Senate opposes Canada imports

Cattle Market & Farm Reports, Editorials
Mar 7, 2005
by WLJ
— USDA’s final import rule nixed.
— House proposal expected next.

The full Senate voted 52-46 in favor of a resolution of disapproval against USDA’s proposed final rule concerning imports from “minimum BSE risk” countries. A similar proposal is expected to be introduced in the House of Representatives over the next two weeks, sources said.
The Senate resolution, originally introduced by Sen. Kent Conrad, D-ND, specifically cited the issue of allowing live cattle and an expanded category of beef from Canada beginning March 7. The resolution means that a majority of the Senate is against USDA implementing its final rule concerning imports from countries that USDA deems as having minimum risk for BSE and that possible legislation concerning the issue might be proposed in the future if the agency doesn’t work toward amending or changing the rule, congressional aides told WLJ.
On the House side, Rep. Earl Pomeroy, D-ND, is expected to propose a similar resolution of opposition before mid-month. Aides with several House members said they expect a similar result as in the Senate concerning a vote on the issue.
However, the bill is expected to hit a roadblock in the form of President George W. Bush, who isn’t expected to sign it. His veto of the bill could be overrode, but it takes a two-thirds vote in the Senate, and whether that much support exists is uncertain.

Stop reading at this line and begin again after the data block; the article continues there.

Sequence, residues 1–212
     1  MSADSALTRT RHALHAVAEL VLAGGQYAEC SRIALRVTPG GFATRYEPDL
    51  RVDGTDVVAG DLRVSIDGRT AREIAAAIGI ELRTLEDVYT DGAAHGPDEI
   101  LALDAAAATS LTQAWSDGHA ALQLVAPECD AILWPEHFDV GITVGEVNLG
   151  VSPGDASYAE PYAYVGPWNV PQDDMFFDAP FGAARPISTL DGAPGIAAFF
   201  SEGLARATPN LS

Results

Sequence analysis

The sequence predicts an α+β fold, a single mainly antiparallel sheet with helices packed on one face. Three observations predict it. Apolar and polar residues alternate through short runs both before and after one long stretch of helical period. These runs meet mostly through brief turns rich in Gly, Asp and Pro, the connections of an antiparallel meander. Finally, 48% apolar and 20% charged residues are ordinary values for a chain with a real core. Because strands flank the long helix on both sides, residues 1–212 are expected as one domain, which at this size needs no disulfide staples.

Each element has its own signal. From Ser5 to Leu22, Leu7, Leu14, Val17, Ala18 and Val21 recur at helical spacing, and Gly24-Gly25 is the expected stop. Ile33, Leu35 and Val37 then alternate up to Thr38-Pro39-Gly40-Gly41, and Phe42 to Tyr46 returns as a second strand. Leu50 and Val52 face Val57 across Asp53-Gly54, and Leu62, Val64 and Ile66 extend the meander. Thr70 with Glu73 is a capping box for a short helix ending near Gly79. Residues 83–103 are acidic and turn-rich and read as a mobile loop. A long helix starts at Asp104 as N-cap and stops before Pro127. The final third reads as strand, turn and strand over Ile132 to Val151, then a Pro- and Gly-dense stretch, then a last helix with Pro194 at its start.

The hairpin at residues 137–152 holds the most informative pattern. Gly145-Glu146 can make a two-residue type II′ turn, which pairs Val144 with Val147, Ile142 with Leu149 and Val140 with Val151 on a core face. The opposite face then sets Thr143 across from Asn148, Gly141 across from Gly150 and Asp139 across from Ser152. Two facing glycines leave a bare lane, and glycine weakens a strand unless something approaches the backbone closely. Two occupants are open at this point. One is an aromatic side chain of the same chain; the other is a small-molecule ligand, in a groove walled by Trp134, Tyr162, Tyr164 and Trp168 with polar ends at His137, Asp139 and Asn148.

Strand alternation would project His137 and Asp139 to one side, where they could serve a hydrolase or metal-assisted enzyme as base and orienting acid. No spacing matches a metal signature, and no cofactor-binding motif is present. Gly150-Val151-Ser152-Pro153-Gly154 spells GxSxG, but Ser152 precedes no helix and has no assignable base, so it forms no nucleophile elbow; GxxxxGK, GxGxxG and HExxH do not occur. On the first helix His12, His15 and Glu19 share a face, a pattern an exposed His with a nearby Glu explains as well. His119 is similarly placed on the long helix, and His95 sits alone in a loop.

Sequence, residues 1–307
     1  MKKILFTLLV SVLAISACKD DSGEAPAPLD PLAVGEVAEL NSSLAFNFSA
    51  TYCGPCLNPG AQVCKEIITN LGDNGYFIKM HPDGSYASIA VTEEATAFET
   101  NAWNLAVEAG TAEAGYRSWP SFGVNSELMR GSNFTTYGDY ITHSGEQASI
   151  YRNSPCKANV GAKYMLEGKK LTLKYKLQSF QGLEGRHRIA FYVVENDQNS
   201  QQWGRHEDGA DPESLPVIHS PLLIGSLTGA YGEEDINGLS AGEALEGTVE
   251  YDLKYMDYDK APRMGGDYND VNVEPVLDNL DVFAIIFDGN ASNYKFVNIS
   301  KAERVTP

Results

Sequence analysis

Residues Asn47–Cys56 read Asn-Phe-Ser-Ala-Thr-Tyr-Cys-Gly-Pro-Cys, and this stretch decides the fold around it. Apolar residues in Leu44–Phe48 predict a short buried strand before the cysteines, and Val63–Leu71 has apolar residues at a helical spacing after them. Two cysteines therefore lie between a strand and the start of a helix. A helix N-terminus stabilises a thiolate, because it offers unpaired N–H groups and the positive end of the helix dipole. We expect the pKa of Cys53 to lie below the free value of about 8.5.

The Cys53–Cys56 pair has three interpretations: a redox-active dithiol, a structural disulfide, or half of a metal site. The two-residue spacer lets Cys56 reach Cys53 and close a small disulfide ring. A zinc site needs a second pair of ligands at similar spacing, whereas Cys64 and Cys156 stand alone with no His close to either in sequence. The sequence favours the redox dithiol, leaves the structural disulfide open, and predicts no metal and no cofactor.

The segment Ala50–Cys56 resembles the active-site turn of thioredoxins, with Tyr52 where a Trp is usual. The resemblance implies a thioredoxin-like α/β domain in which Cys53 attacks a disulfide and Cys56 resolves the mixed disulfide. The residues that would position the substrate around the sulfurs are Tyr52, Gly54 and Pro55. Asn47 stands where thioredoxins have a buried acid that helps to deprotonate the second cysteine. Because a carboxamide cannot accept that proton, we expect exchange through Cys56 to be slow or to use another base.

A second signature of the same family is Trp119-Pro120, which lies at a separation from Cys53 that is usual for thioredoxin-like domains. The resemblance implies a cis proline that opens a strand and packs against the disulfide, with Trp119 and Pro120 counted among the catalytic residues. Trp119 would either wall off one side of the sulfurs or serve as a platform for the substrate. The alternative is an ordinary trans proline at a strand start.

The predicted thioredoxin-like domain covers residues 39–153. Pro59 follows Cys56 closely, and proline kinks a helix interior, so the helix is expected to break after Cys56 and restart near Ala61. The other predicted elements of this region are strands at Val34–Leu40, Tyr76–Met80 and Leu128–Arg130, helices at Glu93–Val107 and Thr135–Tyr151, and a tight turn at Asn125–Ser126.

Aides with several Democrat representatives said that last week’s decision by a federal court judge to delay reopening the border will help efforts to force USDA to rethink the final cattle and beef import rule.
In addition, Pomeroy, in a published statement, praised R-CALF USA for its legal challenge of USDA’s rule and said it gives notice that regulatory actions aren’t beyond reproach.
“It is not the first time R-CALF has prevailed against USDA in court. The last ruling found that USDA was exploiting a very narrow window for the import of boxed beef and that they had blown open a loophole beyond any recognition. This is the second judicial success they’ve had, and it reflects on the shoddy work product of USDA,” Pomeroy said. — Steven D. Vetter, WLJ Editor
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